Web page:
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indonesia is the fourth largest country in the world in terms of population but it is somewhat moeller than the u.s. the election participation far outstrips that of ththe u.s. jokowi and prabowo got millions more more votes than hillary clinton and trump got in the u.s. election. but her participation is about 80% in indonesia. on top of that, you have more desperate group of people who abstained on principle grounds because they were disappointed with jokowi failing to prosecute the generals. we had that level of voter participation, the political landscape would be entirely different. i think the extremist republicans would be swept from power if the u.s. participation went up from 65% to the indonesian rate of 80%. amy: just before you leave, can you weigh in on the whole impeachment debate in the united states? >> it is a longer discussion,
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but if you turn on cnn, msnbc these days, unless you're someone who has been following these channels avidly, i think you'll find a lot of what they're talking about is incomprehensible. they go on and on about don mcgann and these figures who must people don't know who they are. rather than talking about the substantive issues of the atrocities that trump is , the de factoly murder of children on the border, the gutting of labor rights, the gutting of environmental protections, and instead they're talking about the democrats are going off on a tangent and handing trump a political gift. if you're going to impeach him, and p m on substance, not a rush of plot, which mueller concluded trump did not participate in. amy: i do want to ask you on other grounds, that is what a
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number of the democrats are talking about now, for example, not being willing to cooperate with congress on giving over information. creatingmocrats are this confrontation. they rightly point out that it is outrageous that trump is refusing to turn over documents that congress has legally and rightfully subpoenaed, but the democrats are doing that premised on what is a very weak premise. the idea that somehow there's something nefarious in the russia plot when mueller has already concluded that there was nothing there criminally. on substance, on his refusal to turn over documents of the crimes he is committing along the mexico border, about the way he is driving the world to possible extinction through his stance on global warming, about his lifting of restrictions on the killing of civilians with the u.s. bombing and droning operations in the middle east and north africa. do it on really shoes, not a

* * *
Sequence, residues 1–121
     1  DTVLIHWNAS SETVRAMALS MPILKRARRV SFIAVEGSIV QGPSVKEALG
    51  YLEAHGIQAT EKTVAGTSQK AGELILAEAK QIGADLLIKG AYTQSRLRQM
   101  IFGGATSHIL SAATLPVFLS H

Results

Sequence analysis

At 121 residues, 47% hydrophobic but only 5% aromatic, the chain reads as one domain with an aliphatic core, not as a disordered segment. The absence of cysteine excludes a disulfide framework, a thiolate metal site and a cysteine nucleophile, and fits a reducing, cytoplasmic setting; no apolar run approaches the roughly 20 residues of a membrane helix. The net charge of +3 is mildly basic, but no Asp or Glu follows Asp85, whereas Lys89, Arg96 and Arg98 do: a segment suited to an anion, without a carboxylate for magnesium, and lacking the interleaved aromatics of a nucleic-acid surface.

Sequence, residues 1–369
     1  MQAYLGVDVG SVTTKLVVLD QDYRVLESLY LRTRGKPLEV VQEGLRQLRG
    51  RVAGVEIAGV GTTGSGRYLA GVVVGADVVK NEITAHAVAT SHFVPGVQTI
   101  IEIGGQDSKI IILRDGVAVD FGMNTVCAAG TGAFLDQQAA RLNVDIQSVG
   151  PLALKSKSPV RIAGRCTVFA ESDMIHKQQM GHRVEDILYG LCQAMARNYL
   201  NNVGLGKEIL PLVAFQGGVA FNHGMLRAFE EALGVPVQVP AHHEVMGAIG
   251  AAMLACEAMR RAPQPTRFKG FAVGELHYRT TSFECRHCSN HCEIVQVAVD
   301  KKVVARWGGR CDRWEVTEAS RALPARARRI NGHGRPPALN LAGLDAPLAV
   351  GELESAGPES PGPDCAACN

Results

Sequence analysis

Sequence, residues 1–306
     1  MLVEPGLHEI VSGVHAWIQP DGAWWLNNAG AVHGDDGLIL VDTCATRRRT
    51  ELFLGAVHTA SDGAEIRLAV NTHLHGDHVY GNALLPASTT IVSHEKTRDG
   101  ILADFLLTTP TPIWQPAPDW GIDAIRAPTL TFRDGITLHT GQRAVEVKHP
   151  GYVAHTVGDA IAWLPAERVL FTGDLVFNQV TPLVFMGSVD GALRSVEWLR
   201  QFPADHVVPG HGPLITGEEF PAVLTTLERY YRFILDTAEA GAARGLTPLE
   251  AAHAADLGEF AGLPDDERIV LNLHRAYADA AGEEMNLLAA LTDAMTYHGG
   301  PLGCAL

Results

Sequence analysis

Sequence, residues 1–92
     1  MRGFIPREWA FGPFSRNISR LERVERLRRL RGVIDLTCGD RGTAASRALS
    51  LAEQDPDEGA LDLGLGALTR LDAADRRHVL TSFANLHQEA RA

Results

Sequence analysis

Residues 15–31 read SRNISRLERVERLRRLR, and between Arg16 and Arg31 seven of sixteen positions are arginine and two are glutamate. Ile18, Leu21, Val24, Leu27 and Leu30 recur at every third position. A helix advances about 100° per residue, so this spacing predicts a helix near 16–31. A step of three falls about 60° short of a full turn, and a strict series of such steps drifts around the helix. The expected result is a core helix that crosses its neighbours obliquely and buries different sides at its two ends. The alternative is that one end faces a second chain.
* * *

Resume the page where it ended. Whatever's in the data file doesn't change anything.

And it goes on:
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premise that has already been undercut by the mueller investigation. amy: allan nairn, awaward-winnig best to get of er investigation journalist. ♪ [music break]
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amy: the song is about john walker lindh to is being released from prison today after 17 years in jail. this is democracy now!,, the war and peace report. i'm amy goodman with nermeen shaikh. nermeen: we turn now to india, where prime minister narendra modi appears set to enter a second term in a landslide victory followining a six-week-long parliamentary election t that was widely seens a referendum on his leadership. election results show modi's hindu nationalist bjp party leading in 3 300 of the 543 seas in parliament. at this rate, these numbers will give him an evenen greater majority than in 2014, when his party claimed the first outright majority in decades.